We close out our features on our online Corona exhibition with the powerful and graphic work of Dawn Watson. opens in a new windowMessage from Grace is a beautiful and unique vision of landscape with a call to action. Her work implores us to look, to experience, to take time and see what is around us. We asked her to be part of our online exhibition because her work shines a light both externally into the world around us, and emotionally radiates the soul of who we are in it. We asked her a few questions about her work, and what is next for her.
How does light play in your work?
I’m drawn to the play at the edge where light and shadow meet. My still life work takes advantage of the natural light that enters my home studio. The incremental, constant change of angle and intensity of direct sunlight or the softer fill of an overcast day means I need to be ever aware and responsive to what will best serve the mood or message. Being outside in the landscape requires the same intuitive presence as I am at the mercy of multiple elements but light is always the first defining aspect that I seek.
The Griffin featured Message from Grace in 2018. Your series plays on light and a new way of seeing our natural world. How did you find your palette to showcase the world around us?
While doing some research, I saw in a photo the color combination of brilliant blues and golds used for the external skin of the Mission satellites orbiting in space. By inverting my photographic image, these same tones appeared in the inverted field with little to no deeper adjustment to the color tone in the images. The reveal of the color negative upended my understanding of the natural elements. Sky became ground, sand a glacier, reflection a galaxy, invasive plant species delicate lacy delights, the brilliant sun a black hole.
In all of your images the combination of science, nature and visual engagement really invites us as viewers to experience and be thoughtful about our shared inhabited spaces. What is your hope for us as viewers to take away from your work?
There is this conversation of call and response in and with the natural world, each other, and the larger human community. How we respond now directly affects our future. Due to excessive human activity, weather intensifies, the world shape shifts and the familiar disappears. What is our relationship to loss, inequities, constant change? Where do we find shelter, sustenance and solace? How do we define beauty? What is its worth as the natural world morphs from the familiar to the unrecognizable and uninhabitable? My hope is this work inspires reflection that motivates action.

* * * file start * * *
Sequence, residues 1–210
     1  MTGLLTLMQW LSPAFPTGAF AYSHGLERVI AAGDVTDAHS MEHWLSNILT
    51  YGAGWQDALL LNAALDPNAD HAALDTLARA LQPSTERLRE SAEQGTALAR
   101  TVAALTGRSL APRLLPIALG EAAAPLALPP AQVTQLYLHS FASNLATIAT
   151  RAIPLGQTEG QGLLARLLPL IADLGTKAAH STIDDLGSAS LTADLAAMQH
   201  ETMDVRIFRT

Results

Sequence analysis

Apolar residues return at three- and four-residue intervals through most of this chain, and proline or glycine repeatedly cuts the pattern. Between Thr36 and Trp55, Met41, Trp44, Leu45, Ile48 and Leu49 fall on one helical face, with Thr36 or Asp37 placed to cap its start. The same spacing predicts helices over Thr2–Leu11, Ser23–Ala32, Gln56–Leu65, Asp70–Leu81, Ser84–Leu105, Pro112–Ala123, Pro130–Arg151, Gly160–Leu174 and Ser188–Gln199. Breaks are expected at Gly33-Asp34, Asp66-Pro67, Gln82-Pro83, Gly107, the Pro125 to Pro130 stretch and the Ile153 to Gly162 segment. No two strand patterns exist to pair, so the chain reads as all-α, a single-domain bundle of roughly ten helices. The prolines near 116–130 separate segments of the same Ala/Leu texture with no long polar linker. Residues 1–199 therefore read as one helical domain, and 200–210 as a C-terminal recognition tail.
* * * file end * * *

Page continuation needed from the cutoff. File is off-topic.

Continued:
In this time of Corona, how do you find light in your day?
Forced confinement has been both a difficult challenge and, paradoxically, a gift granting me the chance to be still, to be quiet. Different each day, I track the passage of time as the sunlight makes it’s marks along the walls, ceiling, floors and furniture. I step outside often, turning towards the sun watching how it catches in the trees, how wind plays with the light.
What is next for you creatively? What are you working on?
Two new series have been gestating for a while. I was unsure of what I wanted to say and thought it best to let things be for a bit. Not until very recently did I reach some clarity. Drift/Bound visually translates my visceral response to how disconnected we feel as recent events have rocked our world. The crumpled, misshapen forms in my prints drift against fields of light and dark, unmoored, as we are, from any familiar world. ReRe is a still life series using saved plastic packaging material, natural elements and found or collected objects. It asks do we repurpose, recycle, redirect, reform and renew or let go of what remains?
About Dawn Watson –
After twenty-five years as a professional dancer, Dawn Watson shifted her artistic practice to photography, finding affinity in the visual storytelling offered by both live performance and the captured image. Watson’s photographic renderings continue to explore form, space, light, movement and storytelling, as she did as a performer. Nature serves as her muse, her subject of concern, a source of solace and healing.
Watson studied photography at the Maine Media Workshop, the ICP (International Center of Photography), as well as the Santa Fe Workshop. Her work has been featured online and in print, including in Lenscratch and The Hand magazine. She has exhibited her photographs and artist books throughout the United States and Europe including the Albrecht-Kemper Museum, A Smith Gallery, Center for Fine Art Photography, PhotoPlace Gallery, Ph21 Gallery, Tilt Gallery, Tang Teaching Museum, and in solo exhibitions at The Griffin Museum of Photography at Greater Boston Stage Company, the Los Angeles Center for Photography and Rhode Island Center for Photographic Arts. Her work is held in private collections and at The Lodge at Woodloch.